The use of the encoder signals as a basis for measuring the diameters of coins will now be described, but it sould be understood that, if desired, the coins may be tested in other ways.
As shown in FIG. 1, an infra-red diode 10 is positioned to one side of the belt 1 and slightly above surface 8. The diode 10 is directed horizontally at an infra-red detector 11 similarly positioned such that the path of infra-red light between the diode 10 and detector 11 is horizontal, transverse to the path of the coins 12 and at about the mid-height of a smallest coin to be measured, thereby ensuring that the beam of infra-red light will be broken by all coins which are carried by the belt along surface 8.
The signals from the detector 11 are used to gate pulses from the shaft encoder, the leading edge 13 of the coin causing a fall in the level of infra-red light detected by detector 11 which fall is used to open the gate, and the trailing edge of the coin produces a rise in the detected light which rise is used to close the gate. Provided that there is no slipping of belt 1 relative to the encoder disc 4, the number of pulses let through by the gate will correspond to the distance that the belt 1 has travelled whilst the coin 12 is passing the detector 11, and so the pulse count is an accurate representation of the coin diameter. The amount of the pulse count is used to control suitable coin deflecting means arranged to direct coins to different batching locations, as will be described hereafter.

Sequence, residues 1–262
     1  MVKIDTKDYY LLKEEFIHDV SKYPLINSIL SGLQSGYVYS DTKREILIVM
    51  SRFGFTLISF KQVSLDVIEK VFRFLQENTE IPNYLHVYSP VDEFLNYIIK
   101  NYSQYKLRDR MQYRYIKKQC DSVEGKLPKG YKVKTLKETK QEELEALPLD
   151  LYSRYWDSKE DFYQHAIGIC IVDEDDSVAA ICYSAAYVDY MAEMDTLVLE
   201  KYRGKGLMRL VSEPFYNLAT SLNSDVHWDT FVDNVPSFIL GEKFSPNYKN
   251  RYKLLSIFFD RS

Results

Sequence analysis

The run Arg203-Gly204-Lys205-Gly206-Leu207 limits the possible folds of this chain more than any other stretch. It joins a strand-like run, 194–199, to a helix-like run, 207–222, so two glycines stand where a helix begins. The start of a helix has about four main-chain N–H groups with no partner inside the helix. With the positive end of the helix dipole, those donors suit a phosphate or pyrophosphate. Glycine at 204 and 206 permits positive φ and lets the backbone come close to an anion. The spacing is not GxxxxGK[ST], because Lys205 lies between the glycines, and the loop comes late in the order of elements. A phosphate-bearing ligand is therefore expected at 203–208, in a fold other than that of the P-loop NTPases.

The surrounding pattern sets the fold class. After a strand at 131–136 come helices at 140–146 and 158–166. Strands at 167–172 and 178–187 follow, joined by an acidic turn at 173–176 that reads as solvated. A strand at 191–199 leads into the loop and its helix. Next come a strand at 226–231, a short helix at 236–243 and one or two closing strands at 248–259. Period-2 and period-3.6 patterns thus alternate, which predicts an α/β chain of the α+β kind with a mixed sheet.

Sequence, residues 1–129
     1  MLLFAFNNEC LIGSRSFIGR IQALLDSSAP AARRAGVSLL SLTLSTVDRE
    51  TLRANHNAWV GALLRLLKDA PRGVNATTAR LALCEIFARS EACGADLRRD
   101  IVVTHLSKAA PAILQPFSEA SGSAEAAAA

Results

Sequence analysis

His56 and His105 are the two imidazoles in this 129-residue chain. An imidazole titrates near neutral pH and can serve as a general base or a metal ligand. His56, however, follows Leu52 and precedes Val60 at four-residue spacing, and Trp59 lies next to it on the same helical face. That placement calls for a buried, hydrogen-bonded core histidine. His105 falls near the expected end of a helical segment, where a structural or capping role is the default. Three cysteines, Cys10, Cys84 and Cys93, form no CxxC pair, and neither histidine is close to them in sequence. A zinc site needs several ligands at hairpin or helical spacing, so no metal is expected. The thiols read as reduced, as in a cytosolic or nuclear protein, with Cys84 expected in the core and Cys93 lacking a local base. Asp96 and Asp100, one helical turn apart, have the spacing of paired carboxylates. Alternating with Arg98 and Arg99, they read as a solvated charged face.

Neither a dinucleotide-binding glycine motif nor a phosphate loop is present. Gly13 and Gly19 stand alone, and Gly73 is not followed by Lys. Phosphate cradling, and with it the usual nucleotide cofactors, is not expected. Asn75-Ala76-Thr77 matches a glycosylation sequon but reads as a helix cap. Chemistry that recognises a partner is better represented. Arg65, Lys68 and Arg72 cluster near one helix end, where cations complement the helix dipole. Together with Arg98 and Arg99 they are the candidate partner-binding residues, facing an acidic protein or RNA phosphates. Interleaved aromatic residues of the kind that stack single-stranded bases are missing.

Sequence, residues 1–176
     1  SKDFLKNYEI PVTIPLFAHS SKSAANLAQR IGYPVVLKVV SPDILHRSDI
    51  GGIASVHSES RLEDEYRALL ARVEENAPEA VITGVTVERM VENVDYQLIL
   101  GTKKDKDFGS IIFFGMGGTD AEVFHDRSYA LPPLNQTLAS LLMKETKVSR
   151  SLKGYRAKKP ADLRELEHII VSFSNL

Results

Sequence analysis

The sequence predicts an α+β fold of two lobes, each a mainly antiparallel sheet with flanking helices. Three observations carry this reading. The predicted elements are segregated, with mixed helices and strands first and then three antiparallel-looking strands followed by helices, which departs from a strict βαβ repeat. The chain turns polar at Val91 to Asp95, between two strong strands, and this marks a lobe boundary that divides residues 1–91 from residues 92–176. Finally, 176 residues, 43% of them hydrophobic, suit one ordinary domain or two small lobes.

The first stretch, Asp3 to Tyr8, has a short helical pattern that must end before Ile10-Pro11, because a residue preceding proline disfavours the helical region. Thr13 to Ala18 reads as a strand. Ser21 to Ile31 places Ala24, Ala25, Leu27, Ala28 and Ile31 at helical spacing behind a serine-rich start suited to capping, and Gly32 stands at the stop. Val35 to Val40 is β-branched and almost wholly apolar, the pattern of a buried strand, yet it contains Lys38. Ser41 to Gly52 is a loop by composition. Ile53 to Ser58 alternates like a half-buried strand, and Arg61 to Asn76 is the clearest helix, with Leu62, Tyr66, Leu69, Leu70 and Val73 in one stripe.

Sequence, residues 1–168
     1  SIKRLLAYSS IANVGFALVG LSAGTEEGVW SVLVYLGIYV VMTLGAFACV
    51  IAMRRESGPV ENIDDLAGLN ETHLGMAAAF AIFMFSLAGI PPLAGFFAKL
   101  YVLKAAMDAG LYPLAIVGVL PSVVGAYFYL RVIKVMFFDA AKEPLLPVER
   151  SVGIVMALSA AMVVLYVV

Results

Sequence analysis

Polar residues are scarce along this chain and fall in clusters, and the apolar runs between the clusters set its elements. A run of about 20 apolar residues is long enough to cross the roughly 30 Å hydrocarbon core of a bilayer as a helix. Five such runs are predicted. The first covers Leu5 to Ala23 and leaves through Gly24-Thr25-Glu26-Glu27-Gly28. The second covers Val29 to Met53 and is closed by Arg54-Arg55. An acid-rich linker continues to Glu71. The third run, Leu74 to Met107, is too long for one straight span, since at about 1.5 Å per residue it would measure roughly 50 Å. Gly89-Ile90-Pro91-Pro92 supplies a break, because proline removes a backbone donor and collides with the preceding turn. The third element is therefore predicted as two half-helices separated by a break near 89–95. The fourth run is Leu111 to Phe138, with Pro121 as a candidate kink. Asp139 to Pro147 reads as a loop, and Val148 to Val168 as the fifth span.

It will be appreciated that since the infra-red beam passes transversely of the belt 1, the precise transverse position of the coin 12 relative to the belt does not matter with this measuring technique, and therefore that, other than surface 8, no datum surface is required. This is distinct from prior art coin discriminators, and is a considerable advantage when compared with other detectors which require datum surfaces. Damaged coins which rest against a datum edge give false readings with existing machines.
The coin deflecting means comprises a series of coin deflecting recesses 15, 16, 17, 18 formed in surface 8 and having associated respective coin deflecting pins 19, 20, 21, 22 actuated by respective solenoids 23, 24, 25, 26 mounted beneath plate 8'. For conenience only four sets of coin deflecting recesses have been shown in FIGS. 1 and 2, but in practice any number of recesses can be provided to suit the number of coin denominations to be sorted, the length of the plate 8' and belt, being chosen accordingly. Typically nine recesses are provided.